You’ll also want a good camera for Petra.
Here the budget goes a little out of the window, but really, when it comes to snapping one of the world’s most photogenic places, your phone just ain’t going to cut it!
Find out why I always recommend the Sony A6000 Mirrorless as the best travel camera here.
And I would never head off anywhere without my trusty Anker Portable Charger, which keeps my phone and camera batteries full all day, every day!
This means no matter how many pics or videos I might take in Petra, I can rest assured I’m never going to run low on battery.
Also, bring layers!
Petra can be cold even when the sun is shining, mostly because the wind whips through here and, in true desert style, temperatures plummet as the sun gets lower.
Ensuring you have a good lightweight, windproof jacket with you is a very good idea therefore.
This North Face one is perfect.
If you want to spend longer in the Petra area, then check out this awesome Jordanian cooking course my friend Sally over at Passport and Plates experienced in the region care of A Piece of Jordan.
#7 Combine Petra Trip with Wadi Rum
Close to Petra, and the 2nd best Jordan attraction in my opinion, you can’t visit Petra without making time for Wadi Rum too.
And it’s great to know that the best prices for this desert adventure can be found in Petra itself.
Sadly Wadi Rum can’t be visited without a tour (I mean this is the desert right?!), but don’t book your trip in Amman.
Instead ask at one of the budget accommodation places, like Petra Gate Hostel, in Wadi Musa and score an awesome deal.
I paid 40 JD for my Wadi Rum tour through these guys, which included a full day safari jeep tour, return transport to Wadi Rum Village (where the bus will drop / collect you), 3 great meals and an overnight stay in a beautiful Bedouin Camp deep in the desert.
I was actually travelling with some French guys at the time who hadn’t booked a tour and just rocked up to Wadi Rum village hoping to bag a bargain.
Unfortunately, having not arranged anything, they actually ended up paying double what I did, simply because there weren’t any other people also waiting to fill up the jeep.
So, you have been warned!
Sometimes it pays to be organised!
And if you want to be super organised and book a tour to Wadi Rum in advance of your time in Amman even, then check out these great tours that include Petra and Wadi Rum and run from 2-3 days for some great prices.
Jordan Travel Mini Guide
How Long to Visit Jordan For?
I think 7-10 days is the perfect amount of time to visit Jordan.
This will allow you to spend 1-2 days in Petra, see all the other main sights at a casual pace, or throw in some of the less travelled parts too if you like to travel fast!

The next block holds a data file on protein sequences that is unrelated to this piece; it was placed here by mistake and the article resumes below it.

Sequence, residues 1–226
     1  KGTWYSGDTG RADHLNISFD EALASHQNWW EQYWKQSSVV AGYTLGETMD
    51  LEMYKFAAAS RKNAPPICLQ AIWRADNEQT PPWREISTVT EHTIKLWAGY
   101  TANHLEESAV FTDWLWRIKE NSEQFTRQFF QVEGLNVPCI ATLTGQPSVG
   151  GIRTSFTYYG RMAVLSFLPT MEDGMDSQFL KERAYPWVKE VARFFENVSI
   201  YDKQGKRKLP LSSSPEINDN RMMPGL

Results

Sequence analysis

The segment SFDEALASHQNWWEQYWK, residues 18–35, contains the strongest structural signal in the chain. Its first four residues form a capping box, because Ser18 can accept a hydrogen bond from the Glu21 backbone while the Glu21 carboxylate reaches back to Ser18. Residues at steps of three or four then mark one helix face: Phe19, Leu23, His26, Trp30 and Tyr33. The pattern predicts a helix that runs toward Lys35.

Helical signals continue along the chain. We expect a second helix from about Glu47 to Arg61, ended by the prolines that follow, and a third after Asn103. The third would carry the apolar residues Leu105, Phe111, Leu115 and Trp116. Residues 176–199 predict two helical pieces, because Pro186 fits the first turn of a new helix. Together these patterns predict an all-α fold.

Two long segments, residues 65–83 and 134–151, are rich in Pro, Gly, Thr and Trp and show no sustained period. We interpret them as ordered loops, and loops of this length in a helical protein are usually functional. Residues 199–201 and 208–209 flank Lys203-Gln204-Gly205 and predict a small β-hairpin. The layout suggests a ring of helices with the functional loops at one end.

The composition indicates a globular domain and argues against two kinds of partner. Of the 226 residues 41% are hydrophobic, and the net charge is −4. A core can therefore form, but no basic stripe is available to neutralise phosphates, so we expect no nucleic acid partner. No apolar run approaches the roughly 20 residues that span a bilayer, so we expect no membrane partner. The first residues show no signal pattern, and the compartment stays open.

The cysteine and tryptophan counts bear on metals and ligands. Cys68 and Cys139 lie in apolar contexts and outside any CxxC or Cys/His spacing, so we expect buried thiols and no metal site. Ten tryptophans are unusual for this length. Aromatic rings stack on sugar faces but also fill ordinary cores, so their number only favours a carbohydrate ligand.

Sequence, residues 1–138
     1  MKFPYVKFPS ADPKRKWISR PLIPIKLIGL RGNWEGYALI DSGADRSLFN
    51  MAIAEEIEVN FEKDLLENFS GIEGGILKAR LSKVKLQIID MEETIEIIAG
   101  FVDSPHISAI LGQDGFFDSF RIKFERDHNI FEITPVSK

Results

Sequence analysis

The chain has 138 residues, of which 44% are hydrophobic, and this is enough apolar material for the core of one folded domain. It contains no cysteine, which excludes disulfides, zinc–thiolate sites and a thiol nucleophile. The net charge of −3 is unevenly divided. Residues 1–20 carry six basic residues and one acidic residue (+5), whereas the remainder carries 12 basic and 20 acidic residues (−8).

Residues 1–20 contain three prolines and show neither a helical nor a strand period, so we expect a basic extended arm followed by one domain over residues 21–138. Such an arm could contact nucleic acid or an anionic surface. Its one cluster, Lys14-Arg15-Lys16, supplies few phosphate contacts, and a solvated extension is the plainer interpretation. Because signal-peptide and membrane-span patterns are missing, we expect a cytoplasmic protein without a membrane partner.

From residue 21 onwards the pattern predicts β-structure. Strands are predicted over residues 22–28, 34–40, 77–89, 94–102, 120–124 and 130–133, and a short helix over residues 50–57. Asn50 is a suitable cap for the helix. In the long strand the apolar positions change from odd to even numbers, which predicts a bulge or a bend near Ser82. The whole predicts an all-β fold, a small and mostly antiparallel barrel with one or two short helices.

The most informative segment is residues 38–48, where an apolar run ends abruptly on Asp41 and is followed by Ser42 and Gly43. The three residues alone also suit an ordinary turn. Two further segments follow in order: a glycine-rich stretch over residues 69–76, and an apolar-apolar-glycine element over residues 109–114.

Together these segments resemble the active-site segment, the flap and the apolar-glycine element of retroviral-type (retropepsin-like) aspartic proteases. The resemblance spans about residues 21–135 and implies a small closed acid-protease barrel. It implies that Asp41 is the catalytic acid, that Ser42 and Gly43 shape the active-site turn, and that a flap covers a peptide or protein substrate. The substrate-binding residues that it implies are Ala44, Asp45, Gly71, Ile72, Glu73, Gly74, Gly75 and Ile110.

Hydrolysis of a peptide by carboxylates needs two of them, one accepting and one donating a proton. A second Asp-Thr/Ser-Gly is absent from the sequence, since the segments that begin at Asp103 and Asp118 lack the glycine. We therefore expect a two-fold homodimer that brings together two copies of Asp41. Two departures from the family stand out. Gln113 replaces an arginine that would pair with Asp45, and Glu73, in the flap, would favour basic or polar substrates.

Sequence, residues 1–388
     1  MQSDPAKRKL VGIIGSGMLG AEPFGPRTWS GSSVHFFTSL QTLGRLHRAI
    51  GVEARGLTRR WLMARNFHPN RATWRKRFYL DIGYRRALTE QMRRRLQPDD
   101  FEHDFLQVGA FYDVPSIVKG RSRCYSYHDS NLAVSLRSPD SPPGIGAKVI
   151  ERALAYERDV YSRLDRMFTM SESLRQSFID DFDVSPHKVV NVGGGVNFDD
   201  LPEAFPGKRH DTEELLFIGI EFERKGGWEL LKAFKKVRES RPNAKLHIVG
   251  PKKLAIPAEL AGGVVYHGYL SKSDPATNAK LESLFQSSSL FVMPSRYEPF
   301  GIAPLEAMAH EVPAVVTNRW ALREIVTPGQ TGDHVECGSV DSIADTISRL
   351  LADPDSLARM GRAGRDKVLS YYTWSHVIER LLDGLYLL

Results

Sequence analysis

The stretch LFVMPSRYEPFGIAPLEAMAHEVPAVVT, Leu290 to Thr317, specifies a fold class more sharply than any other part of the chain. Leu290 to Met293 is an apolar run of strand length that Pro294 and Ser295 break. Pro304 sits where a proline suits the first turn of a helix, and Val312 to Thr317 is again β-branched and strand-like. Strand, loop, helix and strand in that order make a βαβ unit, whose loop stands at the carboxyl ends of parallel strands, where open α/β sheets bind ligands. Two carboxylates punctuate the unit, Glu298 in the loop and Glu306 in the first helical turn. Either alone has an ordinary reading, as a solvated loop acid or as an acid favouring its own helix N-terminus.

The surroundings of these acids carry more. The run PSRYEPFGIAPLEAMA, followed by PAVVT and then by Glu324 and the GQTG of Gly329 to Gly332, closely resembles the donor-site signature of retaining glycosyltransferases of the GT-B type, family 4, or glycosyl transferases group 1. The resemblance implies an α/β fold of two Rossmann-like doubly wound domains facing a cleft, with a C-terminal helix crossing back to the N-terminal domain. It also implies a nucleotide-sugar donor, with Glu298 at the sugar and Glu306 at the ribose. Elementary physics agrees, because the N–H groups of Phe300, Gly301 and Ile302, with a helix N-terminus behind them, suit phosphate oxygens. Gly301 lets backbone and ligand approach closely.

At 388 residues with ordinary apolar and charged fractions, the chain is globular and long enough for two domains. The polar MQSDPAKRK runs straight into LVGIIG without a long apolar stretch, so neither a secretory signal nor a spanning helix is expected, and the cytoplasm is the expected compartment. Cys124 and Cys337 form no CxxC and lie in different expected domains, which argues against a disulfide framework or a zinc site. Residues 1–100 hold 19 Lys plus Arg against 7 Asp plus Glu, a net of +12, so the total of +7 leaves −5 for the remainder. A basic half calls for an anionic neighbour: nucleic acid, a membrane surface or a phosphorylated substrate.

Learn more in my perfect Jordan itinerary post.
Travel Insurance for Jordan
World Nomads offers simple and flexible travel insurance. Buy at home or while travelling and claim online from anywhere in the world.
Alternatively, if you’re a long-term traveller, digital nomad or frequent remote worker seeking travel health cover, check out Safetywing’s Nomad Insurance policies.
Travel Money for Jordan
When it comes to paying for things in Jordan, you want to ensure you’re not being charged overseas transaction fees or getting poor exchange rates when using your card abroad, which is why I always take my Wise Card away with me wherever I travel.
The easy way to spend abroad with real exchange rates, no markups and no sneaky transaction fees (plus it saves you the hefty ATM withdrawal fees in Jordan too), you can use your Wise card just like a debit card here… and it links easily with Google and Apple pay – sold!
Get yours here.
SAVE IT TO PINTEREST!
So those are my top tips for visiting Petra on the cheap.
Have you got any more to add to the list?
Please let me know them in the comments box below…
2 thoughts on “Top Tips for Visiting Petra for Less”
Hello Steph. I really like how you tell people know to visit Petra on a low budget. I was able to visit Petra in the 1990’s. I went to Israel and a bus took me to the Red Sea city of Eilat. Then I went to Jordan to the coastal city of Aqaba. The weather was very hot and sunny. I would suggest visiting in spring or autumn.
Hi Maxine, great to hear you enjoyed your trip to Petra – I wonder how different it was all those years ago. Spring and Autumn definitely the best times to visit. That’s what I recommend too. Best, Steph 🙂